routine maintenance of the audiovisual
ment most frequently used by the Navy.
Audiovisual equipment plays a major role in
the Command Religious Program. Religious
Program Specialists are required to have the
knowledge and expertise to operate this equip-
ment in support of previews of audiovisual
material; projectionist training, and volunteer
teacher training; and assisting with presenta-
tions. This section introduces the RP to
representative types of still projection equip-
ment and motion picture projection equipment.
Although the specific models of equipment
discussed in this chapter may not necessarily be
available, the principles of operation are the
same for all models.
STILL PICTURE PROJECTORS
Many types of still picture projectors are
available for use with presentations. The more
common of these types include overhead,
opaque, lantern-slide, filmstrip, and 35-mm
projectors. In many instances, the RP will be
required to set up and operate these projectors,
as well as prepare materials for use in them.
Therefore, it is necessary to have a working
knowledge of the operation of the various types
of still picture projectors.
The overhead projector shown in figure 7-5
is used to project images from projectuals which
are transparent and have a colored or opaque
image. A desirable feature of the overhead pro-
jector is that it may be used in a room without
turning off the lights. Additionally, the size of
the projectual is large enough to allow the
instructor to work directly on it while talking.
By writing on clear acetate with a grease pencil,
the instructor can create a projectual while
teaching a class.
The projector can be set up on either side of
the screen. For classroom use, it is normally
located in front of the screen, allowing the
instructor to operate it while instructing the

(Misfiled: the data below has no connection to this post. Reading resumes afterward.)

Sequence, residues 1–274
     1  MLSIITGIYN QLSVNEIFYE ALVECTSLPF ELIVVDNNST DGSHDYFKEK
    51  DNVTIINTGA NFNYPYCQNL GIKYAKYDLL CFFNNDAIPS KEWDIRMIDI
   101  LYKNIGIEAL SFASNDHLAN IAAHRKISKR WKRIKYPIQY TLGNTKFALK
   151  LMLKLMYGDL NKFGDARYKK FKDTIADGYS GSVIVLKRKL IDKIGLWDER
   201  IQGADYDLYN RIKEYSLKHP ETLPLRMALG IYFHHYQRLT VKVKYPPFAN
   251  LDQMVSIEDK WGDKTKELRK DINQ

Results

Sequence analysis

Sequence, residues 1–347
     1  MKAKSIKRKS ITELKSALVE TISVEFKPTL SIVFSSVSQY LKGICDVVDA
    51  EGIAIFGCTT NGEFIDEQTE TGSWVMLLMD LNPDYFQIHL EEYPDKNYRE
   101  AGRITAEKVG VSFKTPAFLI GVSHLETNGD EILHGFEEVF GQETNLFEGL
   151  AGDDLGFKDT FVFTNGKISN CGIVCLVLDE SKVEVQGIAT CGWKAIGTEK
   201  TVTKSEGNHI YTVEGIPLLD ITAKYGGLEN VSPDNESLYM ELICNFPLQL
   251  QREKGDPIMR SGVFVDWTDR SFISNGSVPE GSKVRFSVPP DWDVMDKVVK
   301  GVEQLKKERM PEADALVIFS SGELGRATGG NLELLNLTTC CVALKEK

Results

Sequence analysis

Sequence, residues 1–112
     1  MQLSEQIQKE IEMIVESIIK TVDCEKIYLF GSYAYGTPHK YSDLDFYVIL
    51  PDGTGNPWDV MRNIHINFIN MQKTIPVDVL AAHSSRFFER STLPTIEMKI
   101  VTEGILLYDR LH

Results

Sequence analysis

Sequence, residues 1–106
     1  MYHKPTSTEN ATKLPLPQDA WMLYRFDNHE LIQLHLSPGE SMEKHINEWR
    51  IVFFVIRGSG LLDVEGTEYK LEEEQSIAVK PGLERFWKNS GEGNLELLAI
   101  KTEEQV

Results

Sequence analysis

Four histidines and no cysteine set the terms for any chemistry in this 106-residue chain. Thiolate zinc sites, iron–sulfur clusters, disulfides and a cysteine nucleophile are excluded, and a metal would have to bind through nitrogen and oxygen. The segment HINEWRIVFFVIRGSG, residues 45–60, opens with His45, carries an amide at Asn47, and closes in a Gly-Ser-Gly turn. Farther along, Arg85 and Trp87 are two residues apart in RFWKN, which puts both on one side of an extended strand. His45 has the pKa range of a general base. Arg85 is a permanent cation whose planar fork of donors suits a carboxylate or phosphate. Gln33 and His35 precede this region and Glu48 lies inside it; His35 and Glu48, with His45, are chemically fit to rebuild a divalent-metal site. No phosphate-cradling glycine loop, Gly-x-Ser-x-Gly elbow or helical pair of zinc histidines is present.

class. For command briefings, the projector is
usually placed behind the screen so that it offers
no distraction to the audience.
Proper placement of the projector requires
the operator to consider the best possible
arrangement for each situation. Several points
to keep in mind are:
1. The projector should be placed on a table
or stand at such an angle that the projected
image will be nearly a perfect rectangle. Projec-
tors not properly placed will result in an image
that is keystoned (wedge-shaped). In some cases
it may be possible to adjust the angle of the
2. Effort should be taken to ensure that each
member of the audience will be able to see. It
should be kept in mind that the farther the pro-
jector is moved from the screen, the less intense
the projected image will be.
3. Projected images should be viewed with-
out having to shift the eyes over too wide a
range. Seating the audience at a distance no
closer than twice the width of the image will take
care of this requirement.
The location of the projector in relation to
the screen will also affect the manner in which
the projectuals are placed on the device. The
bottoms of the projectuals are always placed so
that they are facing the screen. Front projection,
where the projector is located on the audience
side of the screen, requires the projectuals to be
placed so that they are readable to the operator.
Rear projection, where the projector is located
behind the screen, requires the projectuals to be
placed face down, so that they are unreadable to
Operation of this projector is relatively
simple. It involves nothing more than turning on
the projection lamp, focusing the image, and
positioning the image on the screen.
The projection lamp and blower motor may
be controlled by a three-position switch. The
first ON position provides power to the blower
motor only; the second ON position provides
power to both the projection lamp and the